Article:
Biel 2008: impressions from the final round

8/4/2008 – A few days ago the 41st Biel Chess Festival ended – with a colossal bang. First there were human fireworks, then the celestial variety, with a violent thunderstorm raging over the city. The next morning saw the prize-giving ceremony, then came a mad dash to deliver Magnus Carlsen to the Chess Classic in Mainz. Now that peace has returned to our lives here's a pictorial retrospect of Biel.

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The 41st Biel International Chess Festival took place from July 20th - 31st, 2008. The Grandmaster Tournament is a category 18 event with an average rating of 2686.

Round 10: Thursday, July 31, 2008
Evgeny Alekseev 
1-0
 Yannick Pelletier
Magnus Carlsen 
½-½
 Alexander Onischuk
Etienne Bacrot 
1-0
 Leinier Dominguez

In the nerve-racking tiebreak two 15-minute rapid games were drawn, so two blitz games at 5 minutes plus two seconds increment were played. The first was a draw, the second, a wild struggle, Alekseev was victorious, with 18 seconds left on his clock.

Dominguez Perez,L (2708) - Alekseev,Evgeny (2708) [C65]
41st Festival GM Playoff Biel SUI (4), 31.07.2008
1.e4 e5 2.Nf3 Nc6 3.Bb5 Nf6 4.d3 Bc5 5.c3 0-0 6.0-0 d6 7.Re1 Bb6 8.h3 Ne7 9.Nbd2 c6 10.Ba4 Ng6 11.Nf1 h6 12.Ng3 Re8 13.d4 Qc7 14.Bc2 Be6 15.Be3 Rad8 16.Qc1 Kh7 17.Bd3 c5 18.Nf5 Bxf5 19.exf5 Nf8 20.Bb5 Re7 21.dxe5 dxe5 22.Qc2 e4 23.Nd2 Qe5 24.f3 Qxf5 25.fxe4 Qg6 26.Bf2 Ne6 27.Nf3 Nf4 28.Nh4 Nxh3+ 29.Kf1 Qg4 30.e5+ g6 31.exf6 Rxe1+ 32.Bxe1 c4 33.Qe2 Qf4+ 34.Nf3 Rd3 35.Bd2 Be3

Leinier Dominguez, who had been leading by a full point in the final rounds, is a piece up and can win the event with 36.Be3. Instead he incurs the ultimate tragody of stumbling at the finish line: 36.Bxc4?? Rxd2 37.gxh3 Rxe2 38.Kxe2 Qxc4+ 39.Kxe3 Qe6+ 40.Kf2 Qxf6 41.Re1 Qb6+ 42.Kg3 Qxb2 43.Re7 Kg7 44.Re3 Qxa2. It is hopeless, Alekseev has much more time on the clock. 0-1. [Click to replay or download the tiebreak games]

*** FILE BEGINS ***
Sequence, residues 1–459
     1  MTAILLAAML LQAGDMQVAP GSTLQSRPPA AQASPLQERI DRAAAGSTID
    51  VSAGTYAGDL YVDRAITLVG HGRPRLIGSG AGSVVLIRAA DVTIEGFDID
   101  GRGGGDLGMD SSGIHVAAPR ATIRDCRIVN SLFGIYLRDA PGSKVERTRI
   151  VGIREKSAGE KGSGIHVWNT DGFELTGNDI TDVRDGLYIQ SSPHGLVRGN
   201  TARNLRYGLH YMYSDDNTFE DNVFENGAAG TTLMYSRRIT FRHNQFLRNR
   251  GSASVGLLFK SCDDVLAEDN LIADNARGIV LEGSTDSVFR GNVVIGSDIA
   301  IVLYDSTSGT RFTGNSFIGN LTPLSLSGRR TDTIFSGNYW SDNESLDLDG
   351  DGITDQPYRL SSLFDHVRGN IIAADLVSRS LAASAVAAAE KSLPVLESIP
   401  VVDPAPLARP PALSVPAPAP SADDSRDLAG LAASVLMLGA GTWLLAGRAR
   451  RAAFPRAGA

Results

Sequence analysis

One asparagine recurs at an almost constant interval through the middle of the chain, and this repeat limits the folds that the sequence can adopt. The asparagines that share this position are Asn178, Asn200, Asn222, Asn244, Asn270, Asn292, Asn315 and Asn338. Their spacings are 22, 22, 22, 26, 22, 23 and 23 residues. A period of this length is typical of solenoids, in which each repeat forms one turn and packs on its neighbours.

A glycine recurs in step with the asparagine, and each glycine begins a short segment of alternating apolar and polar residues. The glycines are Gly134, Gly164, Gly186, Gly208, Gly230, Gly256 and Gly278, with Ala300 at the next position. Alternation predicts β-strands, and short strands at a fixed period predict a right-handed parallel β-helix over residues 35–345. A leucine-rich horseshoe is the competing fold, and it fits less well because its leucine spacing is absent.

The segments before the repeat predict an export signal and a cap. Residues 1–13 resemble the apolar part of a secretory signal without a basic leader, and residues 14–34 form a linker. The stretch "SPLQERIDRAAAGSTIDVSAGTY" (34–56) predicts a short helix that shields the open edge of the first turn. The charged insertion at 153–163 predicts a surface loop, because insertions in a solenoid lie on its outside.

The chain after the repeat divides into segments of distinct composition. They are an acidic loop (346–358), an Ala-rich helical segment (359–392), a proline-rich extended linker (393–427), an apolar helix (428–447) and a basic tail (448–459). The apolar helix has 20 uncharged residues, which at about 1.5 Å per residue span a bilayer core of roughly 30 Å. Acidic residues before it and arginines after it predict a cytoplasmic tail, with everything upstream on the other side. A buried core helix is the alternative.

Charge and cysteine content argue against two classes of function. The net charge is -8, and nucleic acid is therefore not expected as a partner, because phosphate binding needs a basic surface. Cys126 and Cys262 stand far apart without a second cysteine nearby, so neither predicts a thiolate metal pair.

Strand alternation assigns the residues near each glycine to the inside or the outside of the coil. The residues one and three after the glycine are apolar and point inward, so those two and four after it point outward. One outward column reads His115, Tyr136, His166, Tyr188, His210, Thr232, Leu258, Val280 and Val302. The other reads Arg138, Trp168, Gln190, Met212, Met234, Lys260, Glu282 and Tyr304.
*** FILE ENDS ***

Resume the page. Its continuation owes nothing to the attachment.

Final standings


Impressions from the final round in Biel

Pictorial report by Frederic Friedel

We left Biel in somewhat of a hurry. In the night after the final round there was a violent thunderstorm with lightning and thunder simultaneously, and ear-splitting cracks, indicating that the bolts were striking very close by. The next morning there was a prize-giving ceremony, then a festive lunch. After that we took a train – the fastest means of transport in this case – to Mainz, to deliver Magnus Carlsen into the clutches of Vishy Anand, Alexander Morozevich and Judit Polgar. We arrived in Mainz just 35 minutes before the start of the first round of the Rapid Chess World Championship. Magnus, brave lad that he is, took all of this in his stride.

As a result, our final report from Biel was very cursory. Today we return to Biel and provide you with impressions from the final day of the International Chess Festival that took place there from July 20th - 31st.


The city of Biel, quiet and serene, with a canal river running through its middle


Fountains gush out of the street on the main square


The venue – the "palais des congrès"


Break dancers practicing at the entrance to the theatre


Very athletic – and all part of the act


A young talent trying his first breakdance steps


Alexander Onischuk vs Magnus Carlsen in the final round in Biel


Alexander Onischuk, originally from Ukraine, now USA.
Incidentally: the name is pronounced "onny-shook"


Etienne Bacrot (pronounced "etty-enn back-row") watching onny-shook suffer


IM Werner Hug ("who-g", left)

Hug won the World Junior Championship in 1971. Two years earlier he missed a mate in two against a Russian player, who escaped with a draw and thus qualified for the Junior World Championship – and went on to win it. Before we forget: the young Russian player was one Anatoly Karpov. Hug is one of the most entertaining players we know.


A veteran spectator in the front row


Enormously talented Cuban GM Leinier ("ly-nee-eh") Dominguez


Norwegian super-talent Magnus Carlsen (pronounced "Magnus Carlsen")

Magnus was desperately eager to win the full point against Alexander Onischuk, in order to have a chance of forcing a playoff against the leading Leinier Dominguez, who was losing to Etienne Bacrot. Here are some impressions of the young GM in his working pose. We also reveal the secrets of his phenomenal success in the game.